american-flagOne of my memories from grade school was our weekly flag ceremonies on the black top. I remember standing there on misty Pt. Loma mornings as the flag was raised to the music of our National Anthem, played loudly over the principal’s portable speaker system. They were solemn moments that calibrated our weeks and caused us to focus on ideals larger than ourselves.

We stood there, 6-12 year old kids, looking up on a flag that symbolized much of what we aspired to as a nation. And then, when the anthem ended, we stood at attention with our hands over our hearts, and pledged allegiance to the United States of America.

Those were poignant memories for me as a child growing up in the 60’s, with my whole life in front of me and countless possibilities for what I could become. When I recited the words to the Pledge of Allegiance I thought they were true in the same way the creeds I recited in worship on Sunday were true: “…one Nation, under God, indivisible, with liberty and justice for all.”

I was too young then to know that our nation was engulfed in an epic battle over those very ideals, and had been so since its inception. I was also too young to realize that what was true for me as a white male growing up in affluent neighborhood of San Diego was not true for countless others in our society.

It wasn’t until I took a university-level course on race relations, taught by a world-famous sociologist, that I learned about institutionalized racism, and how people of color in America, not to mention women in America, had been systematically and consistently marginalized, if not blatantly mistreated, in many of our society’s institutions (industry, education, church, justice system, sports, you name it).

140620124457-movement-dull-story-topHis lectures made me aware that there were forces at play much larger than my good intentions and idealism of the 1960’s, and caused me to acknowledge the contradictions that existed in our society. For example, in grade school I was taught that America was a melting pot, but even by the end of my six-grade year, Dr. Martin Luther King had been shot, and a disproportionate number of blacks and Hispanics had been sent overseas to fight in the Vietnam war while the teenagers in my neighborhood were being shipped off to Stanford and UCLA.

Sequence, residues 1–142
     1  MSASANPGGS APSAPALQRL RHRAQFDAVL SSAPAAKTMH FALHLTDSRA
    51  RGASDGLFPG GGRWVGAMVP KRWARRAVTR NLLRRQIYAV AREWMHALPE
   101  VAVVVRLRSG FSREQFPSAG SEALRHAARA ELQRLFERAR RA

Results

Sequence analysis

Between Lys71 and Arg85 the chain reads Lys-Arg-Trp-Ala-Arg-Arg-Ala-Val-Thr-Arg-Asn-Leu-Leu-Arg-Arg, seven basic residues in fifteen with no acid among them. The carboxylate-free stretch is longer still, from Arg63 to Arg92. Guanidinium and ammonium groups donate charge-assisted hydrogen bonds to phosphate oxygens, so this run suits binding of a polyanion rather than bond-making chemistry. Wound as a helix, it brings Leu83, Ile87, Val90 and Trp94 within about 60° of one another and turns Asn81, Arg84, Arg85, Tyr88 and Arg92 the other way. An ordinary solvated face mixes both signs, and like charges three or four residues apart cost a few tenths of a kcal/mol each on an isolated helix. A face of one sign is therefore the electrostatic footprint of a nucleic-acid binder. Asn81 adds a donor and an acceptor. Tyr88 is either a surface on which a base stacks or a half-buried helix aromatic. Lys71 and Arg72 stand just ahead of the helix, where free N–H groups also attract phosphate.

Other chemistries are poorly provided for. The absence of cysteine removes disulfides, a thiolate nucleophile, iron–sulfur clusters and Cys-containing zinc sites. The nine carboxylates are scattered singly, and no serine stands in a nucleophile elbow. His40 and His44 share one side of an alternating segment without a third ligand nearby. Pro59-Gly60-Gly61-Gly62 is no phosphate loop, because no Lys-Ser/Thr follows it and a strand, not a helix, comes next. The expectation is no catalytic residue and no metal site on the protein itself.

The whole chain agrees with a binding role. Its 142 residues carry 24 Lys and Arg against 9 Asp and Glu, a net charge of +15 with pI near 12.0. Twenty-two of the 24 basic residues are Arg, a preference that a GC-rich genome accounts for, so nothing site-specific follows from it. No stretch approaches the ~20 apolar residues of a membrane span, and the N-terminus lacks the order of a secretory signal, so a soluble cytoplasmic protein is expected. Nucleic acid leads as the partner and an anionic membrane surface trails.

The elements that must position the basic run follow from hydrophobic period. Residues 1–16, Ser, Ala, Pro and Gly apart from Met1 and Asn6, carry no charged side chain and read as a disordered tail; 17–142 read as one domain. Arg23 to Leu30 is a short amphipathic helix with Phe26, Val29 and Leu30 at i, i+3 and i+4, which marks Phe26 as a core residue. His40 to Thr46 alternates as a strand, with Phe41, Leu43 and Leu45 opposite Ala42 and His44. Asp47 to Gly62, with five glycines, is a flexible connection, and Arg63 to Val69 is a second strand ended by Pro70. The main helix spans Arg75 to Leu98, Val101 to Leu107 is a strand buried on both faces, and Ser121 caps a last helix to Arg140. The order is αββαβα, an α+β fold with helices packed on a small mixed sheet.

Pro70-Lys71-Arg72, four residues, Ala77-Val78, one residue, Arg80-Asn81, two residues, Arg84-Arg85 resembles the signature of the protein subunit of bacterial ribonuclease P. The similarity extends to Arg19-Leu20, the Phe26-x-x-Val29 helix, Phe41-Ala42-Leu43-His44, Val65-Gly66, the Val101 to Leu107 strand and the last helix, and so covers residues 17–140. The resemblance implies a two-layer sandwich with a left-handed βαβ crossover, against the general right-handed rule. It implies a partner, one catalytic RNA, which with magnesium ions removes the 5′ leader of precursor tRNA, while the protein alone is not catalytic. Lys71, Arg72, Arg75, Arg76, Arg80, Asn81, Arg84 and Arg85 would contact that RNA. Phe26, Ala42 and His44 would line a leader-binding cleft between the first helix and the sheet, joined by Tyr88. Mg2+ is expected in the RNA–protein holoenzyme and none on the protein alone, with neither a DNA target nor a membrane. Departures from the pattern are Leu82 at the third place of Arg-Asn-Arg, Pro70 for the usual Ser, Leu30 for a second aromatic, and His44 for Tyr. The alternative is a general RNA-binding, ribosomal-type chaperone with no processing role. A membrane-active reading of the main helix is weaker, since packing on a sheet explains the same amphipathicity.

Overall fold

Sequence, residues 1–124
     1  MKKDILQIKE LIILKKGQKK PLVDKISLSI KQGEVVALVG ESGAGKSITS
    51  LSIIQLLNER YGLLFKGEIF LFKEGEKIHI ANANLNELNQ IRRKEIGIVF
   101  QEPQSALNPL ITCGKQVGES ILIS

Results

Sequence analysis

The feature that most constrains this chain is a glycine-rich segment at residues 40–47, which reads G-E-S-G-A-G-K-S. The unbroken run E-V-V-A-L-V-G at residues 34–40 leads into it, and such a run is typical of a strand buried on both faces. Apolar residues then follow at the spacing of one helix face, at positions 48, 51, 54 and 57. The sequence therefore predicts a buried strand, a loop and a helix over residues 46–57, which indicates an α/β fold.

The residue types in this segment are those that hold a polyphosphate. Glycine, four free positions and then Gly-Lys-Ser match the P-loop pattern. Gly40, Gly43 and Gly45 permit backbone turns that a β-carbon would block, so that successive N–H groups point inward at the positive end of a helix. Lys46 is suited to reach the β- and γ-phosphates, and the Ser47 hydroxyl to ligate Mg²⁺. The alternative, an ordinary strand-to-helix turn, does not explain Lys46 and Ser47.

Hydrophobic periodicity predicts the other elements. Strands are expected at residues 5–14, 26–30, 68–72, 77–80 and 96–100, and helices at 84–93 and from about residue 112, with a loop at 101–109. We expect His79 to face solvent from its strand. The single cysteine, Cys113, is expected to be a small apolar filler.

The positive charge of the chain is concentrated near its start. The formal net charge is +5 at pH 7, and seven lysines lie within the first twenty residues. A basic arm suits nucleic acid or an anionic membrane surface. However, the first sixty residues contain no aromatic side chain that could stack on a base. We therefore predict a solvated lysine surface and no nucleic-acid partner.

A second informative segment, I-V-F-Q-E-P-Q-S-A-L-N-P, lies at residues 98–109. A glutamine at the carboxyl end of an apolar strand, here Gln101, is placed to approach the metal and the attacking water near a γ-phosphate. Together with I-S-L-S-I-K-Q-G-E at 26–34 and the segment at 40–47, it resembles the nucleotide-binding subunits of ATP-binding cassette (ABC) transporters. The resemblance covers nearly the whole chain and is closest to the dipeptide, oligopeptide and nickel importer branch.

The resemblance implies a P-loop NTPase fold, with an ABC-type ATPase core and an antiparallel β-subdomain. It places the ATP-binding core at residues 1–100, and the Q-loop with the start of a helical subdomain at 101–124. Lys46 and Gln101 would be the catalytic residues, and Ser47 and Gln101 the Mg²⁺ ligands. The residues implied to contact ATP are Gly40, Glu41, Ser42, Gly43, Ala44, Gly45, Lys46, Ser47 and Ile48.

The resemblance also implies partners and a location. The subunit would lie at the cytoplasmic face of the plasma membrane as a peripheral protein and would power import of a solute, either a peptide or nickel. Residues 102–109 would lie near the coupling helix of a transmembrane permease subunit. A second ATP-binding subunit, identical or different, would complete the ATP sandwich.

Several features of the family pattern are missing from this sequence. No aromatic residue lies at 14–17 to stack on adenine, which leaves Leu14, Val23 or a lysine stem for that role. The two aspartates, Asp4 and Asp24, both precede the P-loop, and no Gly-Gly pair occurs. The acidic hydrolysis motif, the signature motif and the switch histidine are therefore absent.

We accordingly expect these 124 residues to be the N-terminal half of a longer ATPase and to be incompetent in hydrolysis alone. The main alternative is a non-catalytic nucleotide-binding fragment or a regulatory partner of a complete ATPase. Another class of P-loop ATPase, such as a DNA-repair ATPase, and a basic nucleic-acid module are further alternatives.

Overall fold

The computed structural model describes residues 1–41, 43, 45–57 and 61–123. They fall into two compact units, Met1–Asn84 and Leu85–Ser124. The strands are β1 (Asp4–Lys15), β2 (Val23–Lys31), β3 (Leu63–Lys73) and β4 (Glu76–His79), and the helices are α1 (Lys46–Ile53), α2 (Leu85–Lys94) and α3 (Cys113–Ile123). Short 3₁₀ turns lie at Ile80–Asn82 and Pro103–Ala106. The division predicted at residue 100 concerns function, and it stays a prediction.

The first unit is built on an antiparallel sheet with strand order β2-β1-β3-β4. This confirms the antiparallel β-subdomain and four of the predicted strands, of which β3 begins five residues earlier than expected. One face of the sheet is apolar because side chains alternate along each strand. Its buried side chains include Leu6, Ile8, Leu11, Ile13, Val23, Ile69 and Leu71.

Through his teaching, and especially his stories, I began to see America like the towering sand walls of the Grand Canyon, with hundreds of layers of color, but instead of a beautiful mix of colors on top, depending on where you looked, there was only white. I felt like my innocence had been taken from me, that my idealistic worldview had been shattered forever.

All these years later, I realize what a gift my professor had given me, not because of his award-winning research or publications, but because of the openness he engendered in me to listen to the stories of others, to the stories of those who experience the world much differently than me.

I have been told that someone with my upbringing and skin color has no idea what it feels like to be treated with daily contempt or to be the target of racial hatred. While that may be true in some large measure, I have also been blessed to be a part of a larger spiritual family that prophetically calls me to listen to the stories of those who have been mistreated and to join in their cause for justice.

Screen Shot 2015-06-27 at 7.36.40 AMOn June 23, people from many congregations in our presbytery and from other denominations gathered for a Prayer Service at the New Hope Presbyterian Church in Orange to grieve and cry and ask for God’s help in the wake of yet another racially-motivated attack of a white person against black people. (There have been six such incidents in the past seven years.)

During that service, I realized again how powerful and necessary it is for us to hear each other’s stories, to acknowledge each other’s pain, and to seek in whatever way we can to bear each other’s burdens. There is no other way we can begin to create a more just world until we first listen and acknowledge the realities of those who suffer injustice.

As one pastor asserted during the service, “The language of justice demands radical and structural change, and so therefore requires that we recover the biblical languages of truth telling, of rage, of lament and frustration, so that we can get to the final language—that of hope in God’s steadfast love.”

In the wake of the Charleston massacre, where nine African American brothers and sisters were brutally slaughtered in a prayer service, I’m grateful to be part of a presbytery where people can tell the truth about where they are, and sojourn there for a while, trusting that as we hear each other’s stories, we will learn more about how God can use us to heal each other and work with each other for “liberty and justice for all.”